Invoking Slavery in the Eighteenth-Century British Imagination


Author: Srividhya Swaminathan,Adam R. Beach
Publisher: Routledge
ISBN: 1317112997
Category: Literary Criticism
Page: 228
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In the eighteenth century, audiences in Great Britain understood the term ’slavery’ to refer to a range of physical and metaphysical conditions beyond the transatlantic slave trade. Literary representations of slavery encompassed tales of Barbary captivity, the ’exotic’ slaving practices of the Ottoman Empire, the political enslavement practiced by government or church, and even the harsh life of servants under a cruel master. Arguing that literary and cultural studies have focused too narrowly on slavery as a term that refers almost exclusively to the race-based chattel enslavement of sub-Saharan Africans transported to the New World, the contributors suggest that these analyses foreclose deeper discussion of other associations of the term. They suggest that the term slavery became a powerful rhetorical device for helping British audiences gain a new perspective on their own position with respect to their government and the global sphere. Far from eliding the real and important differences between slave systems operating in the Atlantic world, this collection is a starting point for understanding how slavery as a concept came to encompass many forms of unfree labor and metaphorical bondage precisely because of the power of association.

The Cinematic Eighteenth Century

History, Culture, and Adaptation
Author: Srividhya Swaminathan,Steven W. Thomas
Publisher: Routledge
ISBN: 1351800949
Category: Social Science
Page: 196
View: 3131
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This collection explores how film and television depict the complex and diverse milieu of the eighteenth century as a literary, historical, and cultural space. Topics range from adaptations of Austen’s Sense and Sensibility and Defoe's Robinson Crusoe (The Martian) to historical fiction on the subjects of slavery (Belle), piracy (Crossbones and Black Sails), monarchy (The Madness of King George and The Libertine), print culture (Blackadder and National Treasure), and the role of women (Marie Antoinette, The Duchess, and Outlander). This interdisciplinary collection draws from film theory and literary theory to discuss how film and television allows for critical re-visioning as well as revising of the cultural concepts in literary and extra-literary writing about the historical period.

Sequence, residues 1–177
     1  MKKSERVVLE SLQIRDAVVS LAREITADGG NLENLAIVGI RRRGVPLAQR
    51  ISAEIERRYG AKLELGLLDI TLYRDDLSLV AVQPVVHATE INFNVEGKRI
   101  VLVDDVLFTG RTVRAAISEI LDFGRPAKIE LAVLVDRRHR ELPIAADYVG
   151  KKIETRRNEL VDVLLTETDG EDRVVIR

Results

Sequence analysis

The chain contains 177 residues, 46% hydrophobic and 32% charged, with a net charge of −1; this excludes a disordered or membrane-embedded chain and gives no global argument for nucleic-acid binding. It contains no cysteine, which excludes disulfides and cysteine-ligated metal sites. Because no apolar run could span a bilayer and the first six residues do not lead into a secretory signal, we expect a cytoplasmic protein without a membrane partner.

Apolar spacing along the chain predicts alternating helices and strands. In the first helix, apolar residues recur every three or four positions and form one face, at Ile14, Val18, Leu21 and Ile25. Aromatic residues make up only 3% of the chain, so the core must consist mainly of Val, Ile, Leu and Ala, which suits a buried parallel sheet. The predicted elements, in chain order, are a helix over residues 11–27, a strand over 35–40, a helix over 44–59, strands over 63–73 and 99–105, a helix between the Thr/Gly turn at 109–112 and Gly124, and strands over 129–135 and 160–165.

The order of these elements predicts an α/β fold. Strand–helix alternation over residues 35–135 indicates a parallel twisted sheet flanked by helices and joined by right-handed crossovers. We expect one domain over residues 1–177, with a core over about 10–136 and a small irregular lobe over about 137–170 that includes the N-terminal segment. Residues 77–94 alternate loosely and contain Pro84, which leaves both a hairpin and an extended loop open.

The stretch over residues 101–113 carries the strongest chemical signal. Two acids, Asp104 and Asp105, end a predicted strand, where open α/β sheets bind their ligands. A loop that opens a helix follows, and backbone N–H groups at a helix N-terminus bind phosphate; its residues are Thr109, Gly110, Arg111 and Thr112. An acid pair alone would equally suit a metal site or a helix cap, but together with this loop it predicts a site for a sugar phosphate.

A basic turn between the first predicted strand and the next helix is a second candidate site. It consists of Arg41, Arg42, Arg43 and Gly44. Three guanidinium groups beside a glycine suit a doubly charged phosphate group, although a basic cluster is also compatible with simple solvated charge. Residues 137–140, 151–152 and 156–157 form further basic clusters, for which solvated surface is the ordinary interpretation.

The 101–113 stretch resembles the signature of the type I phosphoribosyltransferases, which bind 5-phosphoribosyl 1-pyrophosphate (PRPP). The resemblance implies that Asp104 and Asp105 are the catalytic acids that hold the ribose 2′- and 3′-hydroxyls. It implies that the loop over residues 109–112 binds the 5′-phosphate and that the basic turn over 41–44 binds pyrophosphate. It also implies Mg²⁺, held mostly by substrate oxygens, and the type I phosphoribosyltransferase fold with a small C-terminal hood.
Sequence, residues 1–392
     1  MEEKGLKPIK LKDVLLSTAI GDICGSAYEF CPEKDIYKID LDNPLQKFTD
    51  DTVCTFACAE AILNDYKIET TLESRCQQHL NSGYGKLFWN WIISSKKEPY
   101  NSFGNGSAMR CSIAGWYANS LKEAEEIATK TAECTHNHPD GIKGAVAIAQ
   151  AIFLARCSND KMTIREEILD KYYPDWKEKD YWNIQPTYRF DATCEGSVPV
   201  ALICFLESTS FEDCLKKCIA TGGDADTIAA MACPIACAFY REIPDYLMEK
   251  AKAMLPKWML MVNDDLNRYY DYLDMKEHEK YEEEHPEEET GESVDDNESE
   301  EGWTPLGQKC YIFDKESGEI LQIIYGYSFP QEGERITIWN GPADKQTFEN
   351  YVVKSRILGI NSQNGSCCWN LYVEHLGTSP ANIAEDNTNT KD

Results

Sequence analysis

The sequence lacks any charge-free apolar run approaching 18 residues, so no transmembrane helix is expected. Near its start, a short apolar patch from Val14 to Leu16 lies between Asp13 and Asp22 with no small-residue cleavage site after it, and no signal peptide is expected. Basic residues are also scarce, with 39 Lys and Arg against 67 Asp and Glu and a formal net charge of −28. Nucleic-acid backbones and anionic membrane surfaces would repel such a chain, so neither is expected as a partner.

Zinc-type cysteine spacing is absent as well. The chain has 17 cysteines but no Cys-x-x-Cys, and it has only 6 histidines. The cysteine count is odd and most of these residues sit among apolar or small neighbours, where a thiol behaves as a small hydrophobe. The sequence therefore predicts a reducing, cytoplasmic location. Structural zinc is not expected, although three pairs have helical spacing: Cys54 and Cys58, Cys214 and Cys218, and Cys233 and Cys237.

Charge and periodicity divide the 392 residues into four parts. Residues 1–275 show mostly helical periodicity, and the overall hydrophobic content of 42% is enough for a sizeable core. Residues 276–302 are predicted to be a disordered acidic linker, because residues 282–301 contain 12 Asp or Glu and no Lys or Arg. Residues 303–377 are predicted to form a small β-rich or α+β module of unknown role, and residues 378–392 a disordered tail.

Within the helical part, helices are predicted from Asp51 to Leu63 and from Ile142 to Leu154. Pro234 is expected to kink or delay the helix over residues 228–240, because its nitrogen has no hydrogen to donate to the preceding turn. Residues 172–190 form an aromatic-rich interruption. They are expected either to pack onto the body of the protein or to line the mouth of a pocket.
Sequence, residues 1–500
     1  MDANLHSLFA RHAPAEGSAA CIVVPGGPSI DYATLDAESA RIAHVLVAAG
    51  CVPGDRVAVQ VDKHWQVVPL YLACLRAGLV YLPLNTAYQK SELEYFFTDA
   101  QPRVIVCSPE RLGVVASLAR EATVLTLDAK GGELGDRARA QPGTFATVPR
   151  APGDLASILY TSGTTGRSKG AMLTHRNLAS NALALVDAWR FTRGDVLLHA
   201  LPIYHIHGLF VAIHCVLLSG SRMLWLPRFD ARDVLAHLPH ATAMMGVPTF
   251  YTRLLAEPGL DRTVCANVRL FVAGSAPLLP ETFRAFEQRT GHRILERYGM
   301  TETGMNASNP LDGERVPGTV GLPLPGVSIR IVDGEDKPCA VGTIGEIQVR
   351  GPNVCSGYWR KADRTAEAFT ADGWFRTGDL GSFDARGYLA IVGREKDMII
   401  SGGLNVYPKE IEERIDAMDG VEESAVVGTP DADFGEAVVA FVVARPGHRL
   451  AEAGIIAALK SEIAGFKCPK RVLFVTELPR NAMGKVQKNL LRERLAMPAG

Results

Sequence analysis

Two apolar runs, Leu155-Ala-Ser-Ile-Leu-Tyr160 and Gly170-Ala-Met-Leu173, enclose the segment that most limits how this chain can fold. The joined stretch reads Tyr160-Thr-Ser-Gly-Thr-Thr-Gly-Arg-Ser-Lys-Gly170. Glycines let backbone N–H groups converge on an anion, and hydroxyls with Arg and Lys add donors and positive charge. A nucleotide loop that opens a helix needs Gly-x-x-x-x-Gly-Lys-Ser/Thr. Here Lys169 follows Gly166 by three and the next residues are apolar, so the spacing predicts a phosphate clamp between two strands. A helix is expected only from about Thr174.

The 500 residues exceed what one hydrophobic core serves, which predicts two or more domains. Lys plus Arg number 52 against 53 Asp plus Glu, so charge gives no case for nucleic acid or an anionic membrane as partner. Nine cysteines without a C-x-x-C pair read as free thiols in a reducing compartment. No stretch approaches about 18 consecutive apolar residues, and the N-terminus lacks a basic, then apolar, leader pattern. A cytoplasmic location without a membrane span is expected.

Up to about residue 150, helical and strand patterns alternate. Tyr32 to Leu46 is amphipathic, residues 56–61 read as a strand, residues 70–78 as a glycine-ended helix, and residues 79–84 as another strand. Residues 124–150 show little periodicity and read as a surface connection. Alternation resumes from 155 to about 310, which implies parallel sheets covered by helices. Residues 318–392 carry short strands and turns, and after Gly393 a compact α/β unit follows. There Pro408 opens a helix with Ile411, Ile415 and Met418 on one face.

The Grateful Slave

The Emergence of Race in Eighteenth-Century British and American Culture
Author: George Boulukos
Publisher: Cambridge University Press
ISBN: 052188571X
Category: History
Page: 280
View: 5710
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The literary trope of the grateful slave was used to justify colonial practices of white supremacy in the eighteenth century. Taking in literary sources as well as texts on colonialism and slavery, Boulukos offers a fresh account of the development of racial difference in the eighteenth-century English-speaking world.

The View from the Masthead

Maritime Imagination and Antebellum American Sea Narratives
Author: Hester Blum
Publisher: UNC Press Books
ISBN: 1469606550
Category: Literary Criticism
Page: 288
View: 9148
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With long, solitary periods at sea, far from literary and cultural centers, sailors comprise a remarkable population of readers and writers. Although their contributions have been little recognized in literary history, seamen were important figures in the nineteenth-century American literary sphere. In the first book to explore their unique contribution to literary culture, Hester Blum examines the first-person narratives of working sailors, from little-known sea tales to more famous works by Herman Melville, James Fenimore Cooper, Edgar Allan Poe, and Richard Henry Dana. In their narratives, sailors wrote about how their working lives coexisted with--indeed, mutually drove--their imaginative lives. Even at leisure, they were always on the job site. Blum analyzes seamen's libraries, Barbary captivity narratives, naval memoirs, writings about the Galapagos Islands, Melville's sea vision, and the crisis of death and burial at sea. She argues that the extent of sailors' literacy and the range of their reading were unusual for a laboring class, belying the popular image of Jack Tar as merely a swaggering, profane, or marginal figure. As Blum demonstrates, seamen's narratives propose a method for aligning labor and contemplation that has broader applications for the study of American literature and history.

English and American studies in German


Author: N.A
Publisher: N.A
ISBN: N.A
Category: American literature
Page: N.A
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Summaries of theses and monographs.

Romantic Literature and Postcolonial Studies


Author: Elizabeth A Bohls
Publisher: Edinburgh University Press
ISBN: 0748678751
Category: Literary Criticism
Page: 224
View: 466
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This book examines the relationship between Romantic writing and the rapidly expanding British Empire.

Barbaric Traffic

Commerce and Antislavery in the Eighteenth-Century Atlantic World
Author: Philip GOULD,Philip Gould
Publisher: Harvard University Press
ISBN: 0674037855
Category: History
Page: 272
View: 8989